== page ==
Here’s an interesting thing. Last Thursday the ABC put out a media release formally announcing something that has been in the wind for a while – the formation of a not for profit company, Freeview Australia, to promote the many digital multi-channelled offerings of both public and commercial free to air broadcasters.
The ABC’s head of television, Kim Dalton, is chairing the group and the ABC has done all the publicity so far. But who really controls Freeview, and how quickly has it been thrown together, and why?
The shareholders of Freeview are meant to be, according to the release, ABC, SBS, the Seven Network, the Nine Network, Network Ten, Prime, WIN and Southern Cross.
But a company search on Freeview Australia yesterday with the Australian Securities and Investment Commission revealed that according to the public record, all the shares in the company are owned by the Nine Network.
What’s more the registered address of the company is Channel Nine’s Sydney headquarters, and ABC’s head of television, Kim Dalton, who is meant to be the Chair of the company is not among the directors.
Dalton told Crikey yesterday that “the paperwork had all gone through” and the records available through ASIC were simply not yet up to date. This is entirely possible. There is often a lag between forms being lodged and ASIC processing them. But not a big lag, which means the paperwork must have been done very recently indeed.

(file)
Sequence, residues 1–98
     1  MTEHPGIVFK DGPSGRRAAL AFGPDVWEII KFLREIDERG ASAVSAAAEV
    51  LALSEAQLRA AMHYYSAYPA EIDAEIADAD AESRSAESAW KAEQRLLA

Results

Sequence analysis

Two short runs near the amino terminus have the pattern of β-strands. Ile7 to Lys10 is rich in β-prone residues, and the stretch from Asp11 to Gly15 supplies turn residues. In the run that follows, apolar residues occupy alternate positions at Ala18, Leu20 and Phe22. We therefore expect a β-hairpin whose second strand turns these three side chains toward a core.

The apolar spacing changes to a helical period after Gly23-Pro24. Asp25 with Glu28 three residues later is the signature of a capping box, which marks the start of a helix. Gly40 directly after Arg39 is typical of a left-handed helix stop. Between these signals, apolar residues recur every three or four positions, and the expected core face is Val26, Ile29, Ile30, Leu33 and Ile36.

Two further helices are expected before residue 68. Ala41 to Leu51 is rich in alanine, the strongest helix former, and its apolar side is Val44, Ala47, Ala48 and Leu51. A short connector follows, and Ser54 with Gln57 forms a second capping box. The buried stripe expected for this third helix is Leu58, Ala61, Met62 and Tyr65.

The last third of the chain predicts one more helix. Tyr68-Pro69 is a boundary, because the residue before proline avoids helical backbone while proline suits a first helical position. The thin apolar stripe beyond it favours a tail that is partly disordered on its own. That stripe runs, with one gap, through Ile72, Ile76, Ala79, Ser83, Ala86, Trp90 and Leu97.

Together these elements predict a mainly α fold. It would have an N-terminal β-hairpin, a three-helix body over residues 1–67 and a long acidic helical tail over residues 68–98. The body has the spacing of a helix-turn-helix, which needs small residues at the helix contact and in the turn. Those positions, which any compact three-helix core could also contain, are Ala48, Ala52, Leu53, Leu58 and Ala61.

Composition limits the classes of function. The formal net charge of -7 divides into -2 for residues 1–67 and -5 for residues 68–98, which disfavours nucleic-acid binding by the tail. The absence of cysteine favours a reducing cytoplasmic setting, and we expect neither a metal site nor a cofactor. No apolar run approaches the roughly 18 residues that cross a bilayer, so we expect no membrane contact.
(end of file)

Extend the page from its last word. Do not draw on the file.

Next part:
The records show that it was Channel Nine that did the corporate work behind setting up the company, which was registered only last April. Channel Nine chief David Gyngell was the first director. Those representing the other broadcasters came on board in early May, and given that Dalton is not listed, presumably he got his paperwork done even later.
According to this blogpost the principles of Freeview met for the first time early in April.
So what is Freeview? It’s a giant exercise in promotions combined with mutual self interest and back-scratching. The free to airs, about to launch new multichannels, need to flog their offerings as an alternative to pay television. They also need to encourage consumers to buy digital equipment that can receive free to air, rather than becoming locked in to cable and pay providers. See some speculation on the consequences of all this for TiVo and Channel Seven here.
Meanwhile the Government is desperate to promote the take-up of digital television technology so that it can meet the deadline for analogue television switch-off without condemning the voters to blank screens.
Thus the nicely subtle final line of the Freeview media release: “Freeview will work closely with all relevant areas of Government to ensure consistent messaging.”
As they say in tabloid current events, hmmmm. What will consistent messaging mean here, with all the free to airs, public and private, yoked together?